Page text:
Robert Comsol wrote:
Picture yourself to be back in 1966 and on the set. The writers guide has established the Enterprise to be a member of the Starship Class, and if anybody has forgotten a quick glance at the dedication plaque of the bridge set will read "STARSHIP CLASS".
I don't think a comment about a Constitution
-Class starship would have been all that confusing. Certainly, the actors wouldn't care: it's not in dialogue. Only the maker of the screen insert would worry about it.
I think having Khan reading a screen that says "Important Features to Know That Would Enable Someone to Capture the Enterprise
" would be a little too "Chekhov's Gun." I can see the writers assuming that the viewing audience wouldn't be that dumb. The audience would be able to put two and two together.
I know that the initial story outline for "Space Seed" is dated August 29, 1966 while the initial story outline for "Tomorrow Is Yesterday" is dated October 3, 1966. I wonder which actually came first--the Constitution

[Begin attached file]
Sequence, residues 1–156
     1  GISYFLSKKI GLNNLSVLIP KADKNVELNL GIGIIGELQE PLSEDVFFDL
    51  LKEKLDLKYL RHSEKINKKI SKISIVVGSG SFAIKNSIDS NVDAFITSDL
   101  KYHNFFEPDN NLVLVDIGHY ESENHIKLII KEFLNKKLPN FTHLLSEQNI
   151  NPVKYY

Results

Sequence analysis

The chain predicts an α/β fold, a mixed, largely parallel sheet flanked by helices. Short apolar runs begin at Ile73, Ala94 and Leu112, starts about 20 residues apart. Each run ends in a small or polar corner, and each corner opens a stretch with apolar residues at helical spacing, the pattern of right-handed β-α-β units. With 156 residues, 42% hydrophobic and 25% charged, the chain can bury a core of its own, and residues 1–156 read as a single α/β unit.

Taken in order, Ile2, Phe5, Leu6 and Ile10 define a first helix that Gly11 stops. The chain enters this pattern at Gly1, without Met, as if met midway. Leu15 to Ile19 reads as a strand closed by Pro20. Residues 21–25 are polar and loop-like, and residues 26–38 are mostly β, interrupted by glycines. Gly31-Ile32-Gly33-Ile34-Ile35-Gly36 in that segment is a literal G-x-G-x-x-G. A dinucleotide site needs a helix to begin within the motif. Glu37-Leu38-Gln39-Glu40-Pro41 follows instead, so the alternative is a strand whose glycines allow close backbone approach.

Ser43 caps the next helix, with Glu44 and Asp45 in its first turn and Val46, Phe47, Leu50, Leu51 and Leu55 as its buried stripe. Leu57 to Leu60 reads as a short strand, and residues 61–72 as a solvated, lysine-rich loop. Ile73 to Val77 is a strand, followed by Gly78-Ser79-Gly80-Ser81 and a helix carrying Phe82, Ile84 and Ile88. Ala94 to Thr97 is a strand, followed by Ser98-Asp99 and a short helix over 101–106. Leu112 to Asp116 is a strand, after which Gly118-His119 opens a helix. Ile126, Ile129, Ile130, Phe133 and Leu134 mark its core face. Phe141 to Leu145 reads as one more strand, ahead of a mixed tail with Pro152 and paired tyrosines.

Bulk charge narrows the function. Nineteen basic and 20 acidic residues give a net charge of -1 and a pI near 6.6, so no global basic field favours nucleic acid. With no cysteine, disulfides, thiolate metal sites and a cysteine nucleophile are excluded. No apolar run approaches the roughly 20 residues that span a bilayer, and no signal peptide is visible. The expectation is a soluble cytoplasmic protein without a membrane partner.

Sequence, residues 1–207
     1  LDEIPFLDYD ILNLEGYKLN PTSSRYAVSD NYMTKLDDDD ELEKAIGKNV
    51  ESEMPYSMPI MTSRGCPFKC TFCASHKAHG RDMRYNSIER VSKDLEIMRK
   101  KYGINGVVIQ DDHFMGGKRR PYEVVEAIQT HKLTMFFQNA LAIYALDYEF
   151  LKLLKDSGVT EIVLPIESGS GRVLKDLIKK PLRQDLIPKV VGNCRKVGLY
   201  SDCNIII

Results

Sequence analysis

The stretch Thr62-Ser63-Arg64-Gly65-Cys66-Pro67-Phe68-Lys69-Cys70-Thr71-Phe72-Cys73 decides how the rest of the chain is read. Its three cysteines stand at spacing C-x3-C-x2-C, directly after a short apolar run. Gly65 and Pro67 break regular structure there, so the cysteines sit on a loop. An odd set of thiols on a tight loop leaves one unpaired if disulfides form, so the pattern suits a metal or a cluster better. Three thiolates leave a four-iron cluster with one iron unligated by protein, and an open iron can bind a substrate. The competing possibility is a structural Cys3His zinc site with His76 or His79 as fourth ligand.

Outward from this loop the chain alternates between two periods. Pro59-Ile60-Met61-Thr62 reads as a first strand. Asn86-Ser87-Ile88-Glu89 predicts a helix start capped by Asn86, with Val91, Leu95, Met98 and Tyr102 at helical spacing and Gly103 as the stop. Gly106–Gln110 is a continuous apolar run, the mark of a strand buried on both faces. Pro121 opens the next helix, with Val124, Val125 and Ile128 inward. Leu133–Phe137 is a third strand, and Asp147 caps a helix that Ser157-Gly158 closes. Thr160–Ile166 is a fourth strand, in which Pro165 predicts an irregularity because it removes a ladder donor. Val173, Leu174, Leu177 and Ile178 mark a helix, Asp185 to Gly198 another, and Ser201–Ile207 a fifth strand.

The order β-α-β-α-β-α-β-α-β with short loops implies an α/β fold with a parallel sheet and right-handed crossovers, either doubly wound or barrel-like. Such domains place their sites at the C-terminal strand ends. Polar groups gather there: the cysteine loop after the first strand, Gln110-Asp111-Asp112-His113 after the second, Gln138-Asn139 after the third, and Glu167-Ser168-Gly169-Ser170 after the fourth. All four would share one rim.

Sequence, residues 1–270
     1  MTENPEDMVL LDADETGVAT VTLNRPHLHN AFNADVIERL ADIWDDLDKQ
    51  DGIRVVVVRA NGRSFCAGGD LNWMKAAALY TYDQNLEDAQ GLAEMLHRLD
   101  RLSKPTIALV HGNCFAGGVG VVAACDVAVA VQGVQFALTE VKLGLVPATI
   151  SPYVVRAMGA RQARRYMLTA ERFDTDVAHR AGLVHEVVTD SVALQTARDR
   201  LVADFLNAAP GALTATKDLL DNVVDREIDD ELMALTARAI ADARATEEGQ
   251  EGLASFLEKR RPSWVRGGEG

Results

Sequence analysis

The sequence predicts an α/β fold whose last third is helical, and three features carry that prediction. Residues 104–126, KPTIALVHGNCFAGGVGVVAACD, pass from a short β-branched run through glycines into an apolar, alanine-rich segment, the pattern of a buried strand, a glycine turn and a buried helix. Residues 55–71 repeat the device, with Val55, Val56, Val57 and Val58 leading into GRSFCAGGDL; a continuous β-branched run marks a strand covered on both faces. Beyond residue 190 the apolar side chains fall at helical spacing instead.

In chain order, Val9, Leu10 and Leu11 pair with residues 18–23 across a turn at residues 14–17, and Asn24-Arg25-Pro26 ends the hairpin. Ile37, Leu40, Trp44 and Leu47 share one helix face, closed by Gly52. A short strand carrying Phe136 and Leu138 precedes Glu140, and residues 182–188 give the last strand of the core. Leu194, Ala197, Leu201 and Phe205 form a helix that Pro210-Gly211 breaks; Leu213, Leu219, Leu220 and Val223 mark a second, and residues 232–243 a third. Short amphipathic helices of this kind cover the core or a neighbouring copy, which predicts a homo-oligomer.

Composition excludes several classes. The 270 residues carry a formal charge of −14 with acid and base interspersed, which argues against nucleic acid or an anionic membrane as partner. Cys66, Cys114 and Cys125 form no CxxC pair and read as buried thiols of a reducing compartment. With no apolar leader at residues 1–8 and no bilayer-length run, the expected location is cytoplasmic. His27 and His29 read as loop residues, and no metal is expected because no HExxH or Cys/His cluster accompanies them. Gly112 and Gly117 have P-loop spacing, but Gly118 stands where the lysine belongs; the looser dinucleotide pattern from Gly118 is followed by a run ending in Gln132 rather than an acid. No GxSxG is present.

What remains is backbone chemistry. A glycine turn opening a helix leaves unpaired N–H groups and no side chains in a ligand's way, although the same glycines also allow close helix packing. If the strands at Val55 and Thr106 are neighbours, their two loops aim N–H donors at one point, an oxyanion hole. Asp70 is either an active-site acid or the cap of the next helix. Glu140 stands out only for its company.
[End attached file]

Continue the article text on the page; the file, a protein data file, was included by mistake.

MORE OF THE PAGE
-Class comment or the "twelve like her in the fleet" comment--not that it really matters.
Also, remember that the Third Revision to the "Star Trek Writer's Guide" is dated April 17, 1967--after "Space Seed" was already written. It would be interesting to see what, if any, comments there were in the original version and the Second Revision. And I doubt that all scriptwriters got to see the dedication plaque that was on the set (as if the producers couldn't have changed their minds after the set was made.)